Education Leaders Report
Volume 7, No. 1
How States Are Handling Lead in School Drinking Water
By the time a child graduates from high school, they will have spent an estimated 15,600 hours at school. Because a significant amount of children’s daily water intake comes from school water fountains, ensuring their access to safe drinking water at school is essential for their overall health. And one key health challenge that schools across the country may face is the presence of lead in drinking water.
Out of a dozen states with available testing data, nearly half of schools discovered lead in their drinking water, according to a 2018 study. Lead can enter a school’s drinking water from pipes, fixtures, and plumbing materials that contain lead.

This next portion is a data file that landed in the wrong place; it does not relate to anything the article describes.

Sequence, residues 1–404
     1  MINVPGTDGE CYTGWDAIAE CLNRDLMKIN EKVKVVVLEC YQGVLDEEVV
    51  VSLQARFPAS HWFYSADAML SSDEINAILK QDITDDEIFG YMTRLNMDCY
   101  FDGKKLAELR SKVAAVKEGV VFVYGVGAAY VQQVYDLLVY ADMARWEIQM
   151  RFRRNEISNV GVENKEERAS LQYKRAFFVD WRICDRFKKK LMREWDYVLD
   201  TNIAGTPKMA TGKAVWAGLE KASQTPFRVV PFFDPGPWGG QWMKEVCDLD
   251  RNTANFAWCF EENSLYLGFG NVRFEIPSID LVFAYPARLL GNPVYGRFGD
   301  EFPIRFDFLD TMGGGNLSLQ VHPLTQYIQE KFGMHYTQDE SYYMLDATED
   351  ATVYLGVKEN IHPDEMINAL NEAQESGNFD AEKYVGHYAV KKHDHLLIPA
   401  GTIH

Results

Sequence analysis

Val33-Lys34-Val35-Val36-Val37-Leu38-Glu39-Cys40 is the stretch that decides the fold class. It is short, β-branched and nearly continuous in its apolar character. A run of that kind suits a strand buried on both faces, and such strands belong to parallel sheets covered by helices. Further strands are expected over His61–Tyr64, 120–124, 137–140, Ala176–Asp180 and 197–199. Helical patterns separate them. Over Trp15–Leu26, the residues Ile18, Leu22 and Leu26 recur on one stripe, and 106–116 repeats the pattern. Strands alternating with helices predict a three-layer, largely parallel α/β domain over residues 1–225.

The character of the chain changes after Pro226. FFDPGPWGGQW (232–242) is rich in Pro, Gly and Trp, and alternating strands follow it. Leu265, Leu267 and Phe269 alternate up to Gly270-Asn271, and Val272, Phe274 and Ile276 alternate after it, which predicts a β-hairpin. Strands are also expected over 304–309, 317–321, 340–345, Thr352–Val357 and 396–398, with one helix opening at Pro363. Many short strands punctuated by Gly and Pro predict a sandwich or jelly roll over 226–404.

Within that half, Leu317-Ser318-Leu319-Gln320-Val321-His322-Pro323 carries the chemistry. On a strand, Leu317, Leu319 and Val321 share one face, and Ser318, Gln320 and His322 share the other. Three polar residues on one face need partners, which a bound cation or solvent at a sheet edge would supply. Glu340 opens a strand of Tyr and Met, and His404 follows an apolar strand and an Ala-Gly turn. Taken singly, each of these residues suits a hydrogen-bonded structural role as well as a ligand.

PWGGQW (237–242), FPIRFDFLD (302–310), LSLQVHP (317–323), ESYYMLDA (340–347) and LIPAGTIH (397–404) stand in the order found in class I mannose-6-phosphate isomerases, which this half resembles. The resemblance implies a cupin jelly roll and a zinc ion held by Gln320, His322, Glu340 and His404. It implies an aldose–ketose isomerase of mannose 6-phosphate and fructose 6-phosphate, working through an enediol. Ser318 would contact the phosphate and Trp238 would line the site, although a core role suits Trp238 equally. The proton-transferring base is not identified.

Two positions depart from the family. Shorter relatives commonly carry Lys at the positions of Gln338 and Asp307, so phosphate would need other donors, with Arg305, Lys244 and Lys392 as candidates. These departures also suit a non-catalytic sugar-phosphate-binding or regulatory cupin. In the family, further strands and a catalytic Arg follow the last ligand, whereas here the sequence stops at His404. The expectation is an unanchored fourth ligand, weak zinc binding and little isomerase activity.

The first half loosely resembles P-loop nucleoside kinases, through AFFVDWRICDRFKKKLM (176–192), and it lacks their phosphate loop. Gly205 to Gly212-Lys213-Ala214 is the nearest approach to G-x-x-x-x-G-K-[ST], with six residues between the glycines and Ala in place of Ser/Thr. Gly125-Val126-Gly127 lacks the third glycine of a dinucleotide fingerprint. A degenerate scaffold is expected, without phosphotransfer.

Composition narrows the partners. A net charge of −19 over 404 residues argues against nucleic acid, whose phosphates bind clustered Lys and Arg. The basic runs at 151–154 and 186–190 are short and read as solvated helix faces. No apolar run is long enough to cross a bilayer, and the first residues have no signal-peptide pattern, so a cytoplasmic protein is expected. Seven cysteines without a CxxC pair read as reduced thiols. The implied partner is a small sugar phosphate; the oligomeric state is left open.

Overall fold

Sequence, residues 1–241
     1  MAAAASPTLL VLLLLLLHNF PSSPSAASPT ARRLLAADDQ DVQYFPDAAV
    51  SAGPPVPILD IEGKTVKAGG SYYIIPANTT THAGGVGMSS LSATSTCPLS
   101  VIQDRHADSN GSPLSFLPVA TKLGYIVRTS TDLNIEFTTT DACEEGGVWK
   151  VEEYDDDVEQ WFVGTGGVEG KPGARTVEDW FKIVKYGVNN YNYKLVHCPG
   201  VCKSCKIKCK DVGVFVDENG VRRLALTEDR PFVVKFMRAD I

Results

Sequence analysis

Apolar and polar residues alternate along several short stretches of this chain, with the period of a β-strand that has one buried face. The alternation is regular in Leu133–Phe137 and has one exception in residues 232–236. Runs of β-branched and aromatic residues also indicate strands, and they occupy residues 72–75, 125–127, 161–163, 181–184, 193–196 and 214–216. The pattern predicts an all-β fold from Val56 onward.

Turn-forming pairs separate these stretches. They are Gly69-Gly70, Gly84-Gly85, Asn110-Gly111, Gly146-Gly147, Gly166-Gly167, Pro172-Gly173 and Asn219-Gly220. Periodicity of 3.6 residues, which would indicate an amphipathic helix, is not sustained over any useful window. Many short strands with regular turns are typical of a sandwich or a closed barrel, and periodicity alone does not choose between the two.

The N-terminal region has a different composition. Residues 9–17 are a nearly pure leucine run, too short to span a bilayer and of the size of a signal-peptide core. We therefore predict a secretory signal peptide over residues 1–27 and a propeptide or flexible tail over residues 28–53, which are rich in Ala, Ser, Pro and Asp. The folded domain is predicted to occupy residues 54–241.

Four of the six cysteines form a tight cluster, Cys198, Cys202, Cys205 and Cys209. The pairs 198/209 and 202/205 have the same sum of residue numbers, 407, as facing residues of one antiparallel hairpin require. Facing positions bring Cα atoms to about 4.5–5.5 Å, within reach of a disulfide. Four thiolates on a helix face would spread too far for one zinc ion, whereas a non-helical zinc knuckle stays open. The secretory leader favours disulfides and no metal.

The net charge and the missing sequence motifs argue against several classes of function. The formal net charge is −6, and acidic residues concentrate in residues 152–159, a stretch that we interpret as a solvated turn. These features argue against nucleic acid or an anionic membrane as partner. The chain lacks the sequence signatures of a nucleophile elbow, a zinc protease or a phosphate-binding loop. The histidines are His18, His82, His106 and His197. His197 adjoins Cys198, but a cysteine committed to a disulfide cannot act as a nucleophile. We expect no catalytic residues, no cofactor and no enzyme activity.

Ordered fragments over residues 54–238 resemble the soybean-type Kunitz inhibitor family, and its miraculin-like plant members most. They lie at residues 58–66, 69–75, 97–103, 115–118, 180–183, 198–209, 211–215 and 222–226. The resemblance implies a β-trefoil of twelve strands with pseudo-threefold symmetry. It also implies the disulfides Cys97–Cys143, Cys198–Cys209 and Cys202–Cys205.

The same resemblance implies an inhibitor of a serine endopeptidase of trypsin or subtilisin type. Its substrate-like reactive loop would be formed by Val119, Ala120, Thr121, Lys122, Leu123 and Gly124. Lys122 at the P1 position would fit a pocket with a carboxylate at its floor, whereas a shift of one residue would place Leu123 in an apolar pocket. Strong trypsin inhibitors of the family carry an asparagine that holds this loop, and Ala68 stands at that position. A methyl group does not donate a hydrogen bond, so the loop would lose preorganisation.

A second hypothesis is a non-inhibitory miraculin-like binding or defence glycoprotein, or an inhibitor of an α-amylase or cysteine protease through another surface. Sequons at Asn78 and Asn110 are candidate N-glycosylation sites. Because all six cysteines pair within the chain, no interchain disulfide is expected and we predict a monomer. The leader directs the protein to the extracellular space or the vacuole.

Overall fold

To date, federal regulations have not required schools or child care facilities to test for lead in drinking water. If finalized, proposed revisions to the U.S. Environmental Protection Agency’s (EPA) Lead and Copper Rule will require community water systems to test for lead in the schools and child care facilities they serve (five outlets at schools and two at child care facilities) beginning in October 2024. While there are some mandatory and voluntary testing efforts at the state and local levels, these efforts are not implemented consistently. Additionally, very few of these testing efforts offer schools financial or technical support to mitigate sources of lead in water. …